Another FREE option is FreeReg.org.uk, another volunteer project. Some counties have much better coverage than others. so it's much less complete than FreeBMD but you get a full transcription of all the information from the parish register. Worth trying. You can generate a citation automatically.
It's often worth viewing an image of a baptismal entry if you can. It depends on which county the baptism took place in, but Ancestry and FindMyPast are often helpful for this (subscriptions required). You can often glean extra bits of really useful information, eg. the father's occupation or the family's residence (as opposed to where the baptism took place), which are missing from the FamilySearch records.
Civil registration for marriages also started in 1837. You can search FreeBMD.org.uk for marriage registrations in a similar way to births. You can also enter the spouse's surname or forenames if you know them, and use wildcards.
You can order copies of marriage certificates from the GRO but you can't search the index on their site.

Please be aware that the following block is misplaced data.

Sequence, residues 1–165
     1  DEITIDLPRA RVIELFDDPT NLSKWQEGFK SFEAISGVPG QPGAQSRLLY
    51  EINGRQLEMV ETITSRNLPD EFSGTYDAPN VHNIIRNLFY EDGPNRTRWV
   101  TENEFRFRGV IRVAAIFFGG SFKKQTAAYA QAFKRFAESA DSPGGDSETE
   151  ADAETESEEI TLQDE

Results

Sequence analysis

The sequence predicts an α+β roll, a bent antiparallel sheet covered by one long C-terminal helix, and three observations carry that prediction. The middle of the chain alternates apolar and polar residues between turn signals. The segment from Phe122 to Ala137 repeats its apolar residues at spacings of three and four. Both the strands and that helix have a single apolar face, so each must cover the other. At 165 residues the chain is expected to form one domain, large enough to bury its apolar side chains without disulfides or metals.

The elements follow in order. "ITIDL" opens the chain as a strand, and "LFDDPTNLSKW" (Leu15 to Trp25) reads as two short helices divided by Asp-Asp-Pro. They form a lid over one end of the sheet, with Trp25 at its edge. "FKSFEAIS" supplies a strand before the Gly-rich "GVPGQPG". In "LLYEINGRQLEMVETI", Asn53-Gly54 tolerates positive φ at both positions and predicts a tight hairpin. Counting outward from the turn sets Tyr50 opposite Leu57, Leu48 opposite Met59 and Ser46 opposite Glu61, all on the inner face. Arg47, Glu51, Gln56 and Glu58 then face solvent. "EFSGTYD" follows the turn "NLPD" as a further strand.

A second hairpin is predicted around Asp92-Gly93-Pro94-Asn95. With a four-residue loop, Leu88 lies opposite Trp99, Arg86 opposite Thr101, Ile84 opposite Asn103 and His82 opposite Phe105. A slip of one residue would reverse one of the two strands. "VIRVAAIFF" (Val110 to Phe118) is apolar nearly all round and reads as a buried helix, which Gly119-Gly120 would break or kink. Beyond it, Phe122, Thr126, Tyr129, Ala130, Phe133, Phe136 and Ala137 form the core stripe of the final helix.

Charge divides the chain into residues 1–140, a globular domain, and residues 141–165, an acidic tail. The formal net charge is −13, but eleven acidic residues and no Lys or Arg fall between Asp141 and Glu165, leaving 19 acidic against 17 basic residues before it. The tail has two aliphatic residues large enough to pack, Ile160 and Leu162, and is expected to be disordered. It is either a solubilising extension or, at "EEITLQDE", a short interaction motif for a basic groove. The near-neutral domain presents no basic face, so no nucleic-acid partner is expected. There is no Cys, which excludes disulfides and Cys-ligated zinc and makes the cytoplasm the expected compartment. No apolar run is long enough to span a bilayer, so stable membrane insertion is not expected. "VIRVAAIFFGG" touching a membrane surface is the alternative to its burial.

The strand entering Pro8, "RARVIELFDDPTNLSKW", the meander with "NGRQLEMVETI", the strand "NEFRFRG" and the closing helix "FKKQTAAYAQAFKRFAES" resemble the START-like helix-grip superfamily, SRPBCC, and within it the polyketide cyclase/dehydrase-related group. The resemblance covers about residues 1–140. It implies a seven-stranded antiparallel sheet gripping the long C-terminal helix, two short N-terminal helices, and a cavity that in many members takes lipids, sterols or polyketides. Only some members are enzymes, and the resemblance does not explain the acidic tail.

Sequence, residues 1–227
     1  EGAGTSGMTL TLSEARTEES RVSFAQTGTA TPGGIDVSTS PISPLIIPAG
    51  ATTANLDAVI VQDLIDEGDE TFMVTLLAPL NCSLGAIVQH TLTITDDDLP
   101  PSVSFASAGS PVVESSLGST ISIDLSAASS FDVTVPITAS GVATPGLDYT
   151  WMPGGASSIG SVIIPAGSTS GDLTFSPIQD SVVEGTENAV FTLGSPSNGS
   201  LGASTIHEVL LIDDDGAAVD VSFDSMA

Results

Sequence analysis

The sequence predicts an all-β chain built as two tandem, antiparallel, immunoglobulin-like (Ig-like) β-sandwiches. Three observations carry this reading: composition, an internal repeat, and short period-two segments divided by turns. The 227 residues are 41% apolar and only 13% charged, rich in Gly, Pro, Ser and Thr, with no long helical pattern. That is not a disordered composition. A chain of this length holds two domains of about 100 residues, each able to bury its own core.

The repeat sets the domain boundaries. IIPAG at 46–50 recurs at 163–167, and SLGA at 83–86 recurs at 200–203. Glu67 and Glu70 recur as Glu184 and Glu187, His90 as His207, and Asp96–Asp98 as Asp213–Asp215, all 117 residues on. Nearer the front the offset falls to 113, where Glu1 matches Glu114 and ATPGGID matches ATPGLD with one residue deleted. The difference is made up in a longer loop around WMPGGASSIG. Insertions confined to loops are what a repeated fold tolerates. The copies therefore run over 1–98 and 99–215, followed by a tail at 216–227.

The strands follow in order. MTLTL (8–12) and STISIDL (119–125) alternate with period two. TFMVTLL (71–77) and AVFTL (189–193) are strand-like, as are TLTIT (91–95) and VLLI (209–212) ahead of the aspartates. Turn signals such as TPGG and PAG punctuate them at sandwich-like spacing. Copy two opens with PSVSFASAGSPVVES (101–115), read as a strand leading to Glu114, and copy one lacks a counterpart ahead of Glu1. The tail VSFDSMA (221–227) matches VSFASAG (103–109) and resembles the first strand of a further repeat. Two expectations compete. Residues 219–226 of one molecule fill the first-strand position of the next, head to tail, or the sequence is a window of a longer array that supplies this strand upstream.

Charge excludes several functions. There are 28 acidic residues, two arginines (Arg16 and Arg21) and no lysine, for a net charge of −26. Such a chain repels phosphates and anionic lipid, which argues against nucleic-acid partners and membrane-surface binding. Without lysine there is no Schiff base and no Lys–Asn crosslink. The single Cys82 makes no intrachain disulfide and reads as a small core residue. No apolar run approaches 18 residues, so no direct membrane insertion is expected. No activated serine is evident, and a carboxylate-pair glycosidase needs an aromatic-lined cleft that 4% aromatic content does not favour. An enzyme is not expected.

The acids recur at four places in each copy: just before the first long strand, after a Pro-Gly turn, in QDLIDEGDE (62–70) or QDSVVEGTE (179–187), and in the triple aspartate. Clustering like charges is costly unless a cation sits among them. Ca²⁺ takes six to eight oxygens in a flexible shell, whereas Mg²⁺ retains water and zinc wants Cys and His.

The same index is also available on FamilySearch via FindMyPast and on Ancestry.
FreeReg.org.uk has marriage records from parish registers.
As with baptisms, Ancestry and FindMyPast have lots of images of parish marriage records – it depends which county you're looking at. Viewing the parish register entry can remove the need to order a certificate, but it depends where you want to spend your money.
FreeBMD.org.uk has an index of death registrations, as well as births and marriages. It also started in 1837. Ages at death were only included on the index from 1867 onwards.
You can search the GRO index to find the age at death for registrations from 1837 onwards, and order copies of certificates there.
The same index is also available on FamilySearch via FindMyPast.
As before, Ancestry or FindMyPast may be of use when it comes to viewing images of burial entries in parish registers.
Wills and probate
You can search for the will or probate of someone who died between 1858–1996, and from 1996 onwards on the Find a will page of the GOV.UK website. This can be handy for confirming addresses, next of kin, and exact places of death.
Ancestry also has the same information but Find a Will is FREE – but the search functionality is more limited. (You could use the other sites to find the record, then cite Find a Will on your Wiki profile so others can view it easily).
Remember that not everyone had a will.
Censuses have taken place in England every 10 years since 1841, except for 1941, and the 1931 census records were destroyed by fire in 1942.
The records currently available are 1841–1911. The 1921 census will be available on Findmypast in "early 2022"! Put the date in your diary...